Jerry Cantrell Offers More Details on Alice in Chains' New Album

When it was recently revealed that Alice in Chains had put the finishing touches on their sixth full-length album, the news was greeted with a certain amount of surprise—especially in light of the fact that nobody even knew they were working on new music at all. But as guitarist and co-vocalist Jerry Cantrell explains to Guitar World, “It’s not that we were keeping it a secret—we just didn’t want to say a whole lot about it until we had something to say. And we certainly have something to say with this one. It’s a fucking strong record.”

Cantrell is speaking to Guitar World from L.A., where the as-yet-untitled record is being mixed by Joe Barresi (Tool, Queens of the Stone Age). He’s relieved to be through the recording process but admits with a laugh that “I’m still in the last few weeks of anxiety about screwing up this record. The nitpicky and manic part of me keeps saying, ‘We’re not done yet!’ But we’re almost there. The finish line’s in sight.”

The road to get to this point has been a long and winding one. The band—which also includes co-vocalist and guitarist William DuVall, bassist Mike Inez and drummer Sean Kinney—first convened last year at Studio X in Seattle to lay down basic tracks with producer Nick Raskulinecz. According to Cantrell, it was the first time Alice in Chains had recorded in Seattle in more than 20 years, since tracking their 1995 self-titled album at the same facility back when it was known as Bad Animals. “It was cool to be back, because the studio is a part of our history,” Cantrell says, then laughs. “And Seattle’s always great—in the summer, anyways.”

From Seattle, the band moved to Nashville to record vocals and lead guitars at Raskulinecz’s home studio—though Cantrell says he had to take an unexpected break from work after “getting sick on a trip to Cabo for Sammy Hagar’s birthday. Then the doctor gave me something that made me sicker. So I was kind of out of it for a couple weeks. But after we got done in Nashville, I set up at my house and had our engineer, Paul Figueroa, come in and record a lot of my vocals and solos here. Then we finished up at Henson [Recording Studios in L.A.]. So that’s four stops for this one record.”

Gear-wise, Cantrell reports that he “used a lot of the old standard stuff. There’s always going to be a ton of G&L and Les Pauls with me, and there’s also a lot of my Dave Friedman ‘Double J’ amp that we put out a few years ago. Then we also used all sorts of cool, cleaner amps, like AC30s and Fenders. We even had a cigar box amp that Nick bought at the Pike Place Market [in Seattle]. We used that on about three or four songs with a baritone guitar and it sounded ridiculous.”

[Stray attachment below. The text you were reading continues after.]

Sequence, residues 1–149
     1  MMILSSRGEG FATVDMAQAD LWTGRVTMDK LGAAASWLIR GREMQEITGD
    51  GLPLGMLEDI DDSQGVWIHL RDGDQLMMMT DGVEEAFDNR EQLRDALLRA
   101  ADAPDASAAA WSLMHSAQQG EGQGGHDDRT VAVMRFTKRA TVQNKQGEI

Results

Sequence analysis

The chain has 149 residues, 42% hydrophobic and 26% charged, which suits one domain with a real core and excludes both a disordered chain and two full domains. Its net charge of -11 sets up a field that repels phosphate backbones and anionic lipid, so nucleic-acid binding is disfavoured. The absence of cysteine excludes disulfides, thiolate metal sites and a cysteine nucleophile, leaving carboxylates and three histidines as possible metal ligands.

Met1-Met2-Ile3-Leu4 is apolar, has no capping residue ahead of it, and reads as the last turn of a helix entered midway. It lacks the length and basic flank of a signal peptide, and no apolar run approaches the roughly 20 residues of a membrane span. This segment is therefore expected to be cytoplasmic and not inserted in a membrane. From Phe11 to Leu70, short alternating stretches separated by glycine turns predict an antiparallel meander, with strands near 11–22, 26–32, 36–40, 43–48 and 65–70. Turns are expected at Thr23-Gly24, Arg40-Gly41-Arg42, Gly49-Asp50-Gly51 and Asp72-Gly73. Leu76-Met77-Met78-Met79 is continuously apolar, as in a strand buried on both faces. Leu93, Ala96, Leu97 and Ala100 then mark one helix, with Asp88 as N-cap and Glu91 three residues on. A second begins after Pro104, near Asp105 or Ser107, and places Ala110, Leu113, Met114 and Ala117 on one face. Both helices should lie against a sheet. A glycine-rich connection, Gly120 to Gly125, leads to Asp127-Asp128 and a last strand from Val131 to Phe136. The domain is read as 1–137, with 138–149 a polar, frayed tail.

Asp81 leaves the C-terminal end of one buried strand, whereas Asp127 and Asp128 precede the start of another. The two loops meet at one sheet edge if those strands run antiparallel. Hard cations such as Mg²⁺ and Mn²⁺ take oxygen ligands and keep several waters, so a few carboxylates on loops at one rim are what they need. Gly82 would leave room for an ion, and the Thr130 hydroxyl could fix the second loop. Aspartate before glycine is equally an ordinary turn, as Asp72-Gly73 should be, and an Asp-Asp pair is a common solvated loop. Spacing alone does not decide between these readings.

Alice in Chains’ William DuVall (left) and Jerry Cantrell perform in Atlanta on September 18, 2015.

Alice in Chains’ William DuVall (left) and Jerry Cantrell perform in Atlanta on September 18, 2015. (Image credit: Scott Legato/Filmmagic/Getty Images)

When it comes to describing what fans will hear on the record, Cantrell is considerably cagier. “It’s a record we haven’t done yet, I can tell you that,” he says. “But it’s also a record that has all the elements of anything you would expect from us. It’s got our fingerprint. And we’re really proud of the material that we wrote and the performances we captured. There’s some really heavy shit, some really ugly stuff, some real beautiful stuff, some weirdo trippy shit… it’s good!”

Cantrell says he expects the album to be out “probably sometime this summer,” at which point Alice in Chains will already be well into a new touring cycle, with plans to hit Europe, Asia and Australia, as well as the U.S. multiple times. “Touring is its own animal, and it’s really the best reward, because you get to stand in front of people that care about you and want to hear you play,” he says. “And to this day it’s still amazing to me that people show up to see me play. But somehow it worked out where we were able to, through a lot of life, a lot of ups and downs and a lot of records, make some music that people gave a shit about. And the cool thing is we give a shit about it, too.

“You know, it’s a lot of work doing a record,” he continues, “and I think it gets harder the older we get. But we just wait until we’re ready and until we have enough material that’s up to the Alice in Chains standard, and then we do what we do. This is just the racket that we make when we get together.”

Thank you for reading 5 articles this month**

Join now for unlimited access

US pricing $3.99 per month or $39.00 per year

UK pricing £2.99 per month or £29.00 per year 

Europe pricing €3.49 per month or €34.00 per year

*Read 5 free articles per month without a subscription

Join now for unlimited access

Prices from £2.99/$3.99/€3.49

Richard Bienstock

Rich is the co-author of the best-selling Nöthin' But a Good Time: The Uncensored History of the '80s Hard Rock Explosion. He is also a recording and performing musician, and a former editor of Guitar World magazine and executive editor of Guitar Aficionado magazine. He has authored several additional books, among them Kurt Cobain: Montage of Heck, the companion to the documentary of the same name.